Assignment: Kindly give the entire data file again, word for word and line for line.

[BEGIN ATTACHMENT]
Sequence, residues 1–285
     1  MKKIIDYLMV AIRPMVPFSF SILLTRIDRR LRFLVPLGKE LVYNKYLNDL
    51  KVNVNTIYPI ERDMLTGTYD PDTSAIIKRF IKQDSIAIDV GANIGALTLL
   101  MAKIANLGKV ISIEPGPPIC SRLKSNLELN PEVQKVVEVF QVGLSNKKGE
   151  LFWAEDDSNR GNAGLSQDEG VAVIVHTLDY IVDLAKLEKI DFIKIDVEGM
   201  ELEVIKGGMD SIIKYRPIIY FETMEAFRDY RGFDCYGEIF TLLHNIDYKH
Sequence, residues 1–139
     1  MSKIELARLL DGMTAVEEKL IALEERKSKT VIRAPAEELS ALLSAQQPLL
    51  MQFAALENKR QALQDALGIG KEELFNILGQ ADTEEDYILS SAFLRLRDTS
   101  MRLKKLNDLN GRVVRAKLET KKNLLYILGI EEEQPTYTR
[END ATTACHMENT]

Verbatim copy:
Sequence, residues 1–285
     1  MKKIIDYLMV AIRPMVPFSF SILLTRIDRR LRFLVPLGKE LVYNKYLNDL
    51  KVNVNTIYPI ERDMLTGTYD PDTSAIIKRF IKQDSIAIDV GANIGALTLL
   101  MAKIANLGKV ISIEPGPPIC SRLKSNLELN PEVQKVVEVF QVGLSNKKGE
   151  LFWAEDDSNR GNAGLSQDEG VAVIVHTLDY IVDLAKLEKI DFIKIDVEGM
   201  ELEVIKGGMD SIIKYRPIIY FETMEAFRDY RGFDCYGEIF TLLHNIDYKH
Sequence, residues 1–139
     1  MSKIELARLL DGMTAVEEKL IALEERKSKT VIRAPAEELS ALLSAQQPLL
    51  MQFAALENKR QALQDALGIG KEELFNILGQ ADTEEDYILS SAFLRLRDTS
   101  MRLKKLNDLN GRVVRAKLET KKNLLYILGI EEEQPTYTR